STP 05-31-2015: A Handful Of Storms Beat The Odds, But Little Rainfall

Issue Date: Sunday, May 31th, 2015
Issue Time: 9:05 AM MDT

Summary:

With a ridge overhead, thunderstorm activity was effectively squashed statewide on Saturday. By late afternoon, a few rogue storms were able to form over the Northwest Slope, Front Range and Southeast Mountains. However, the storms looked more impressive that they actually were: highest observed rainfall was only 0.05 inches. No flooding was reported yesterday. See our map below for the radar estimated rainfall in your area.

We are taking this lull in action to begin to appreciate just how active May was; not so much from the flooding aspect, but certainly from the total precipitation aspect. One tool we commonly use for our Flood Threat Bulletin forecasts is the precipitable water (PW). This measures the amount of water vapor (not liquid, only gaseous water!) in the overhead column of atmosphere. In Colorado, when PW exceeds about 0.7 inches, this may be the first indication of a heavier rainfall threat. When values exceed 1 inch, there is a very high likelihood of action somewhere in the state. The charts below, courtesy of NOAA’s Earth System Research Lab, show the PW from this past May. The 0.7 inch line is marked by a thick black line. Impressively, during almost every day except for a handful, PW exceeded 0.7 inches in at least one of the three main stations we use: Pueblo (purple), Grand Junction (green) and Boulder (blue).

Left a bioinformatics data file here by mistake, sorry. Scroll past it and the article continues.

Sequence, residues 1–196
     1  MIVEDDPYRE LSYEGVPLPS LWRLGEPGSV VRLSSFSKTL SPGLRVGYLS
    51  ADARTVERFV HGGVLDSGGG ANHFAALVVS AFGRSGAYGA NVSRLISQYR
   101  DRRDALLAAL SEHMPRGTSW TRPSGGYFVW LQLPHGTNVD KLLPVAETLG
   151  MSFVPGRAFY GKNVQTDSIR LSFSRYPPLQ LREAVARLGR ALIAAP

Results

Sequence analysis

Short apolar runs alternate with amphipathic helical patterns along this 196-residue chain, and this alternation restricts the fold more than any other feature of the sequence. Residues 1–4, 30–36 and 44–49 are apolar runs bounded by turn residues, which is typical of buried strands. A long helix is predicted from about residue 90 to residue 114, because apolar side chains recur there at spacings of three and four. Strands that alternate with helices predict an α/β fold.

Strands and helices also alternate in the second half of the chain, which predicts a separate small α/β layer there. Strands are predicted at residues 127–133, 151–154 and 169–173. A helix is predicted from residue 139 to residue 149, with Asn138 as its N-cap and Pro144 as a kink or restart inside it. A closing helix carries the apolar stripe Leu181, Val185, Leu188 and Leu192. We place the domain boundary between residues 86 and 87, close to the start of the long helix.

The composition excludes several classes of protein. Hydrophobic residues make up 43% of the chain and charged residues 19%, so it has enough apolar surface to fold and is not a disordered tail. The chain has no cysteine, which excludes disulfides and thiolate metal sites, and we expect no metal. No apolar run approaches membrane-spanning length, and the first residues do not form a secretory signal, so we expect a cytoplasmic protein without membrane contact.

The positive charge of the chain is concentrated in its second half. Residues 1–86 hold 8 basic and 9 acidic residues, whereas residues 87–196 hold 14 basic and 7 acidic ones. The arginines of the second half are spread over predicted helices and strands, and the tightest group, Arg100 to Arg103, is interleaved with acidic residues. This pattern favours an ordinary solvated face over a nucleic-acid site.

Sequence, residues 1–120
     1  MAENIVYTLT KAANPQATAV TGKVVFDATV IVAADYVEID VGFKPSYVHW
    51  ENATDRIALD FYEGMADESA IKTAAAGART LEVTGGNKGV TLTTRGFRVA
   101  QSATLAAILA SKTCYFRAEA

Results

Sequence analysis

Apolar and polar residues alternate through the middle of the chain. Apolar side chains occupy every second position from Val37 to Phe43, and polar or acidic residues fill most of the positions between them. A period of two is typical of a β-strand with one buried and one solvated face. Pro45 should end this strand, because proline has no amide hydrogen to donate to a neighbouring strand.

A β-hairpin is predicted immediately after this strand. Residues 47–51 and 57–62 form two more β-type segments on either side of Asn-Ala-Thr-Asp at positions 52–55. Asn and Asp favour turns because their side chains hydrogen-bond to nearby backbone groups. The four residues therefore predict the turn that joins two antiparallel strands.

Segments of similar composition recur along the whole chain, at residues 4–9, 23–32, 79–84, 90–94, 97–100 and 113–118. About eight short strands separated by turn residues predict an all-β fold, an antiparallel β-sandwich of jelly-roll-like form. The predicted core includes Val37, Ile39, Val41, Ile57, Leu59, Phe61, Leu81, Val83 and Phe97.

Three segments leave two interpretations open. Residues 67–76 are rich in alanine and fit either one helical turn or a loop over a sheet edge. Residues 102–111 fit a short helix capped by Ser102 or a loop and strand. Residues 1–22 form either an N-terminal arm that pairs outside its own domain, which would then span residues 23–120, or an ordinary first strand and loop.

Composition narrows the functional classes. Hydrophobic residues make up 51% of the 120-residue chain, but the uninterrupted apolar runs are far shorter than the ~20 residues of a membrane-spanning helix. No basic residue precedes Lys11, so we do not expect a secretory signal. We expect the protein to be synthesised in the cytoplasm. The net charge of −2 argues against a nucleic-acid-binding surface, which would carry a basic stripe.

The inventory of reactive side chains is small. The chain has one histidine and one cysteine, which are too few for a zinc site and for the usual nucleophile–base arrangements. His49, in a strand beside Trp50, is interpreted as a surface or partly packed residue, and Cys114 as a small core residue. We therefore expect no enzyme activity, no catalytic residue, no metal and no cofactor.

IPW_historicalSo how does this compare to normal? Well, we also included a chart of 2014, a more typical year. Note that only 7-10 days exceeded the 0.7 inch threshold. Meanwhile, also shown is 2012, the year of an intense spring/summer drought. Note that during that year only a couple of days exceeded PWs of 0.7 inches, but Grand Junction did not exceed 0.7 inches for the entire month! This is a quick way to get a perspective on just how unusual this May has been.
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Storm Total Precip Legend